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Florida Panthers, Arizona Coyotes Give Primer on NHL Fight Code



Ryan Lomberg and Jason Zucker are separated by linesman James Tobias late in the third period on Wednesday night. // Roger Lee Photographer (561) 866-2000

SUNRISE — When it comes to fighting in the NHL, players hold themselves to a certain standard, a code of unwritten rules.

In its most basic form, players are responsible for their actions. 

NHL players remember. 

A violation of The Code calls for retribution.

If a victimized player is not a scrapper, it is OK for another to take over.

When Wayne Gretzky was in his prime, he went untouched because everybody knew that a cheap shot on Gretzky meant you had to answer to his bodyguard. 

First, it was Dave Semenko in Edmonton; later, the infamous Marty McSorley in Los Angeles.

Few wanted any part of those two.

Plus, who wanted to hit Wayne Gretzky?

Earlier this month, Arizona’s Jason Zucker boarded Nick Cousins.

Gus Forsling, not known as a fighter, immediately jumped Zucker in defense of his downed teammate.

Ryan Lomberg, one of Florida’s toughs, took note.

Cousins is a big, strong guy and is no angel.

In this case, he was victimized and could not respond due to a concussion, which has kept him out of action ever since. 

Zucker earned a three-game suspension for the incident.

Wednesday, the Panthers and Coyotes met up again. 

NHL players do not forget.

During warmups, there was a meeting at center ice among players from both teams. 

In the NHL, players never fraternize during warmups, so this meeting was more than a discussion about the stock market. 

Lomberg was face-to-face with Liam O’Brien

The debate included Zucker and Florida’s Jonah Gadjovich and Matthew Tkachuk

Former Florida defenseman Josh Brown also represented the Coyotes.

You knew what was coming next if you have been watching hockey long enough.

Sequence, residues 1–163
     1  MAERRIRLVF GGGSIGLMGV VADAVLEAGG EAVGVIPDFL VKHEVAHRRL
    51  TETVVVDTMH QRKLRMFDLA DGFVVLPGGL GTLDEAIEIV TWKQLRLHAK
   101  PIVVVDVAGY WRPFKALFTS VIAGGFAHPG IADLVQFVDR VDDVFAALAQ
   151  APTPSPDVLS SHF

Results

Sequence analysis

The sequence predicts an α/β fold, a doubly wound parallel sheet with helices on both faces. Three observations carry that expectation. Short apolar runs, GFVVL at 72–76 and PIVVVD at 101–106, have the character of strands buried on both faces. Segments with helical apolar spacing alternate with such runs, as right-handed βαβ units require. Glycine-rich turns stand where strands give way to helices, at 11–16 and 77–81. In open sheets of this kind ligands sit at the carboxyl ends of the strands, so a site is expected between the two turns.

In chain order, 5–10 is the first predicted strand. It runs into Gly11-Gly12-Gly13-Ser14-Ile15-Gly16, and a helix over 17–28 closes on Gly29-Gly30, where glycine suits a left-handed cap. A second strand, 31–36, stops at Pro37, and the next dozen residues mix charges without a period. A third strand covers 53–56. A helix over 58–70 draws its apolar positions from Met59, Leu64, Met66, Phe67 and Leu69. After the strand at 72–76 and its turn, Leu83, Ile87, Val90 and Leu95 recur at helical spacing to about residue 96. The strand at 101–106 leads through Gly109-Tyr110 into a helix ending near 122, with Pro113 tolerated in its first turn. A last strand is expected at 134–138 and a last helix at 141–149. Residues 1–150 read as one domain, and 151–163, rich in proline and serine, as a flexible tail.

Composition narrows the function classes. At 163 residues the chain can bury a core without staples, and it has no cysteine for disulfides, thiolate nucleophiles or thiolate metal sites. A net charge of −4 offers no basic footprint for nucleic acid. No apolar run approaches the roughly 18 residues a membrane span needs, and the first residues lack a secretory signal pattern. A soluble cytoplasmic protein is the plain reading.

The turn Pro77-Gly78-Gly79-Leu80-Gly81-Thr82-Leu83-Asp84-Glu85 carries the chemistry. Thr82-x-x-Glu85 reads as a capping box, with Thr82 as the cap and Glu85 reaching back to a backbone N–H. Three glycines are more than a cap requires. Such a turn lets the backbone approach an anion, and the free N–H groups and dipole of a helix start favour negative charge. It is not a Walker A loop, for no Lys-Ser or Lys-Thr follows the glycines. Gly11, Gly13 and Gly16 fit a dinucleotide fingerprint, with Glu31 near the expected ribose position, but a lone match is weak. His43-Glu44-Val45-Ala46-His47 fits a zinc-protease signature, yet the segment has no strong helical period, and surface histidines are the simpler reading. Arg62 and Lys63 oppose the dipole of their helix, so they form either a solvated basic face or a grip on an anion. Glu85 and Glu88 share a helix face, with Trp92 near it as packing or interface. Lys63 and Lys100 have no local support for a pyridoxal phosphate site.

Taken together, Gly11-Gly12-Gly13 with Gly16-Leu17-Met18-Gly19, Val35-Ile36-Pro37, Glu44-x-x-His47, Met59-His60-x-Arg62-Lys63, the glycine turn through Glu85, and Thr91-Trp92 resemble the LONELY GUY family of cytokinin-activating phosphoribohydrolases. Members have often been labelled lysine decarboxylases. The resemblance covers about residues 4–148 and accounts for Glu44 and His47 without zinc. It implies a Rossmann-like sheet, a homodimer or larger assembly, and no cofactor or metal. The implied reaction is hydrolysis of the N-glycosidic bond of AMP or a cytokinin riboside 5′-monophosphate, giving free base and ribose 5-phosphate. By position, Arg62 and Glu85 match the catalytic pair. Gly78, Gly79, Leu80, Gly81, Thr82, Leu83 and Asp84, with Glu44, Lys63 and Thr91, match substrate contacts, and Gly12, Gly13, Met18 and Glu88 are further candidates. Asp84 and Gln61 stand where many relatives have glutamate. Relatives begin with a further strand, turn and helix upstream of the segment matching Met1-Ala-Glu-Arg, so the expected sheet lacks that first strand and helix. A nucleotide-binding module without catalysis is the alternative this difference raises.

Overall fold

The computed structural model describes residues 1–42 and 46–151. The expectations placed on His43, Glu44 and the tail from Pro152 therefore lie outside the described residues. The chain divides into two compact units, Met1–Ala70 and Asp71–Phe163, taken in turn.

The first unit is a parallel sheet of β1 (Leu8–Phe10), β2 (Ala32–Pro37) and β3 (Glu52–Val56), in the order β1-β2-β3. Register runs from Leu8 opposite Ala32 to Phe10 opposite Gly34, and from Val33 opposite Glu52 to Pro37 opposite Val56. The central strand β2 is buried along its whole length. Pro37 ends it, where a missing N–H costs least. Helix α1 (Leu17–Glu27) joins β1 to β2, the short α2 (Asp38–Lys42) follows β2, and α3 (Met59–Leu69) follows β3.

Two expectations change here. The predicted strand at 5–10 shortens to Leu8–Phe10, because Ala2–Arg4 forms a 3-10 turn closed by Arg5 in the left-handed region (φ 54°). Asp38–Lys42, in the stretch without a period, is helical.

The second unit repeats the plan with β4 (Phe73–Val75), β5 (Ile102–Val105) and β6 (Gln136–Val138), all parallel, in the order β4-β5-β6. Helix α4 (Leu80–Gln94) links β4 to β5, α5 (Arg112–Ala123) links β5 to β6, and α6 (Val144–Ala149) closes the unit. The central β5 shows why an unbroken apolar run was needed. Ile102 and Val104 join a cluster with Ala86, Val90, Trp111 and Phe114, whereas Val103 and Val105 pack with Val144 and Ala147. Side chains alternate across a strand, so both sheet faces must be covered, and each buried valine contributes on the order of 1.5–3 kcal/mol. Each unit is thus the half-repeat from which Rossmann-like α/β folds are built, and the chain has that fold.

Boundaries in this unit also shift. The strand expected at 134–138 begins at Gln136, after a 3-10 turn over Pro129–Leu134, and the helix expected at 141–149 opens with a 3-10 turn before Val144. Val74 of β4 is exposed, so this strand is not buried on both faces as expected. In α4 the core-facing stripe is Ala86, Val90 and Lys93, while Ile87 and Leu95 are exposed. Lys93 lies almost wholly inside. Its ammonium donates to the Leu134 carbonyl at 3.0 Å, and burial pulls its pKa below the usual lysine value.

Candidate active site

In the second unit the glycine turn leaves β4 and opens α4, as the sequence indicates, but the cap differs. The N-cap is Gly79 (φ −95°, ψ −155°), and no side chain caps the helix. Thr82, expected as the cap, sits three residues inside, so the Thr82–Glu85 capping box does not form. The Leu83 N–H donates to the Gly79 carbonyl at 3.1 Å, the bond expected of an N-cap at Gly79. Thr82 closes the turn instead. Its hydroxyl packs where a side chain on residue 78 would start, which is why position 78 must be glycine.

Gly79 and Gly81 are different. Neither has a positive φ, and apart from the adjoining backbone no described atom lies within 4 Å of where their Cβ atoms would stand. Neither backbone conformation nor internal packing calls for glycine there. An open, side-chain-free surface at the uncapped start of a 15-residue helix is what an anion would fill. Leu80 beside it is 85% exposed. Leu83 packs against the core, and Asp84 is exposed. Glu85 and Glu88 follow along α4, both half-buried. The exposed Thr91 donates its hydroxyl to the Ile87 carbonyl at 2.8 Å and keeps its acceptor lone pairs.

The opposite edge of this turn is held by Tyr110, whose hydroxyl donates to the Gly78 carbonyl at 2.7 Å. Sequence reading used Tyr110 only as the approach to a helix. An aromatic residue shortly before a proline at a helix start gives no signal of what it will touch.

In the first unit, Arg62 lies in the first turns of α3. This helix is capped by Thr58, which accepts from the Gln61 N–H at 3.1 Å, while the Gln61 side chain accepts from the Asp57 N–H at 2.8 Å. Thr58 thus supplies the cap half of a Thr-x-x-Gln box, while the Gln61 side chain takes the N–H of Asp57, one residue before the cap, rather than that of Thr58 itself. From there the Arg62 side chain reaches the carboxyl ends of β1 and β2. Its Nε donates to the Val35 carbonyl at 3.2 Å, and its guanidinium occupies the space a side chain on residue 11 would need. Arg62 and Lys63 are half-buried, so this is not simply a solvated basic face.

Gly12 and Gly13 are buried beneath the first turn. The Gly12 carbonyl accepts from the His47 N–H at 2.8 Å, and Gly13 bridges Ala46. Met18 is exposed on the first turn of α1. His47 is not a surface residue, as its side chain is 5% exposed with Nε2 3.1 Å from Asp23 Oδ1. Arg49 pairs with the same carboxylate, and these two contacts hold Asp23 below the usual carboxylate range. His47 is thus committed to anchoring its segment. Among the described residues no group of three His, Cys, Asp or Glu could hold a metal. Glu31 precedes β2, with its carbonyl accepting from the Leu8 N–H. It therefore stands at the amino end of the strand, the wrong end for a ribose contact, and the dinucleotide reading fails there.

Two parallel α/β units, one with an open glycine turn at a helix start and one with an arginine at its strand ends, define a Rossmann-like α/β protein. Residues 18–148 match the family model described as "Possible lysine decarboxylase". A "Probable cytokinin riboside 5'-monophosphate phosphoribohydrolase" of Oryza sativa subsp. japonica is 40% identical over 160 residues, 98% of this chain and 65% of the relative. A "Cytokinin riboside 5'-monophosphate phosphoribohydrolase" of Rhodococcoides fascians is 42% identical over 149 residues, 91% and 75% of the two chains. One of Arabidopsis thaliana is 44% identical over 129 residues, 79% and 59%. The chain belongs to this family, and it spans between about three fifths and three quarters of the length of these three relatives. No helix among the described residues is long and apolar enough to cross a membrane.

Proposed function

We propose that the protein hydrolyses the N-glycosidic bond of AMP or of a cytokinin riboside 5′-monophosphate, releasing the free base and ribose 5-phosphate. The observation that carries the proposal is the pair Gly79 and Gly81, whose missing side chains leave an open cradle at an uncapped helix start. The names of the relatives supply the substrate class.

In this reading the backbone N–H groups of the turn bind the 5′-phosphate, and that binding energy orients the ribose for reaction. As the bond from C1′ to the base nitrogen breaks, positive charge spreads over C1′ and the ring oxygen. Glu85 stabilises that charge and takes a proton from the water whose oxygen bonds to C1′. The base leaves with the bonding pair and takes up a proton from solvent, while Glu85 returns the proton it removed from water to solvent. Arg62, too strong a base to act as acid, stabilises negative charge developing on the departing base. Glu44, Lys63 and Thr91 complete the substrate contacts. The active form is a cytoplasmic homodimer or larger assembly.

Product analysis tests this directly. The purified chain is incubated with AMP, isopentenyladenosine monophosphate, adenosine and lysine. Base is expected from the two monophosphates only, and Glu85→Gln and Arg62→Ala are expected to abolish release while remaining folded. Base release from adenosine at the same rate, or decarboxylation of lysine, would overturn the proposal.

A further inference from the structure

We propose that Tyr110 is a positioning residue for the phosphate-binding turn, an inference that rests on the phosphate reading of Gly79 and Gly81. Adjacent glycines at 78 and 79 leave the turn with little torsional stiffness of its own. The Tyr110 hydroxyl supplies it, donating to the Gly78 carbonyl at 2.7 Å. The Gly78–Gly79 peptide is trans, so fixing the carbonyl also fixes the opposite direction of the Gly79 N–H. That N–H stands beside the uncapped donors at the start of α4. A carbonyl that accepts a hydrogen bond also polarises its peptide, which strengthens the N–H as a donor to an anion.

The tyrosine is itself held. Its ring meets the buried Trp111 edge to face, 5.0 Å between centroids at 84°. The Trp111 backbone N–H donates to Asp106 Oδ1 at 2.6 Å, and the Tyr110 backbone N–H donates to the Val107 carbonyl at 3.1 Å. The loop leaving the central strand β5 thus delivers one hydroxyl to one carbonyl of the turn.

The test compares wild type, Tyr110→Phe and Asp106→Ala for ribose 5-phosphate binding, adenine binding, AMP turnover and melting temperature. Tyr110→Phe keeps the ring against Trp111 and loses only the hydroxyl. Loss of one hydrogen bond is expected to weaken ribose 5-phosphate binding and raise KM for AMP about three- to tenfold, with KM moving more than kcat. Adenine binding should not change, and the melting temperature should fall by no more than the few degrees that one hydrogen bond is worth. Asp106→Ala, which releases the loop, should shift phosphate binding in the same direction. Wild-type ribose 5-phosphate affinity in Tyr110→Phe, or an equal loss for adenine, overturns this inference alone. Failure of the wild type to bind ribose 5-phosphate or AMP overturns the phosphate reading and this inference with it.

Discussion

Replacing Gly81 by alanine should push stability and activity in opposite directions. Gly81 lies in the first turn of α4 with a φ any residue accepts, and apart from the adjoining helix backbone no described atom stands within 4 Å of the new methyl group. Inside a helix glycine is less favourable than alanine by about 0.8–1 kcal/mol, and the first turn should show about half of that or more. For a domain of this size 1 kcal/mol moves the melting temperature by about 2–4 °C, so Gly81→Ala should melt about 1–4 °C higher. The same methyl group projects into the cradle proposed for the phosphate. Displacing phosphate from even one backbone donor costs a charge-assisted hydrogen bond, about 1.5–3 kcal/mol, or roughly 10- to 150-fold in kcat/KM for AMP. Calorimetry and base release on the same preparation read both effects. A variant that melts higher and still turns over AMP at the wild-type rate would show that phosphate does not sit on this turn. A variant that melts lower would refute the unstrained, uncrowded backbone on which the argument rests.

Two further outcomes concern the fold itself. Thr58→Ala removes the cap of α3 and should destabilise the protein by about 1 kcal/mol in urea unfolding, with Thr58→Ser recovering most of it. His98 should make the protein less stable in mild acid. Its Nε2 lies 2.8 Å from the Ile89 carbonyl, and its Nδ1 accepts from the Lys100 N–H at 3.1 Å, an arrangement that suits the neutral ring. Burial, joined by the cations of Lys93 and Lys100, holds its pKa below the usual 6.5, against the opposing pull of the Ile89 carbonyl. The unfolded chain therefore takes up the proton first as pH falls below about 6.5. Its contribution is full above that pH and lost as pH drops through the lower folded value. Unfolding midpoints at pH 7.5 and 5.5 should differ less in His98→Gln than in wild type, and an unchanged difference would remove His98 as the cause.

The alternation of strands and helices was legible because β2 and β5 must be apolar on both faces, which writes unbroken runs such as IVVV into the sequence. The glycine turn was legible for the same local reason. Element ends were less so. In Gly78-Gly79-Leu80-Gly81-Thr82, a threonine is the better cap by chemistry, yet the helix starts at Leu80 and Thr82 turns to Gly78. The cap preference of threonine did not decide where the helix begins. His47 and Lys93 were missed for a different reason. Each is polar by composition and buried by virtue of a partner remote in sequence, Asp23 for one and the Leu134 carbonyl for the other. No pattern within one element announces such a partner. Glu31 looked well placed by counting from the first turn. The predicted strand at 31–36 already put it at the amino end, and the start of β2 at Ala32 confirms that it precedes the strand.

Suspicions were confirmed when coach Paul Maurice had Lomberg, a fourth-line winger, take the opening faceoff against Jack McBain.

Lomberg had taken all of nine faceoffs this season.

Referee Wes McCauley dropped the puck but it hit the ice untouched. 

McBain and Lomberg dropped the gloves and went at it as five seconds ran off the clock.

Edge to McBain, but Lomberg went away smiling as usual.

Round Two came two seconds later when Gadjovich and O’Brien put up their dukes

Seven seconds into the game and we had twenty minutes in penalties.

Ironically, Zucker, who was the cause of all of this, was not even on the ice when this commotion took place.

When Tkachuk was asked postgame what the discussion at center ice was all about, he laughingly said, “I’m not telling you.” 

Keeping it in-house is consistent with The Code.

“Stuff like that happens,” Tkachuk continued after some good-natured prodding. 

“It’s just how the games kind of went from last game and trickled over into this one. We’re here to stick up for each and every one of our teammates. We’re brothers in here.”

In discussing the pre-game meeting, Gadjovic said: “Just a lot of words. A lot of nice words that I probably shouldn’t repeat. I don’t know. Sometimes stuff like that happens, and we’re here to answer the bell.”

When specifically asked if the pre-game discussion concerned the hit on Cousins, Gadjovic said, “It could have. Maybe. Keep that between us, but yeah.”

The game continued, and the Panthers took apart a sluggish Coyotes team that had just come off two straight victories.

The pleasantries were not over. 

At 16:27 of the third period, with the outcome decided, the combatants took to the dance floor again for a lot of pushing and shoving.

Lomberg tried to get Zucker to drop the gloves, but all that happened was a bunch of double-minors for roughing.

Zucker also took a face wash from Lomberg, which is the ultimate act of disrespect for an opponent.

The Arizona dressing room was mum about the incident other than coach André Tourigny referring to the fights as a “distraction.”

“If that would have happened in the game before against Pittsburgh,” Tourigny said, “that would not have changed a thing for us. Tonight, our focus was not to win.”

The Code implies that once the scores are settled, there is no further attempt at retribution. When it comes to the Panthers and Coyotes, this one is over. 

The two teams do not play again, anyway. 

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  • When: Friday, 7 p.m.
  • Where: PPG Arena, Pittsburgh
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  • Season Series (Panthers Lead 1-0) — At Florida: Panthers 3, Penguins 1 (Dec. 8). At Pittsburgh: Friday; Feb. 14.
  • Last Season: Penguins won 2-1
  • All-time Regular Season Series: Penguins lead 56-37-7, 4 ties
  • Up Next for the Panthers: Saturday at New York Islanders, 7 p.m.

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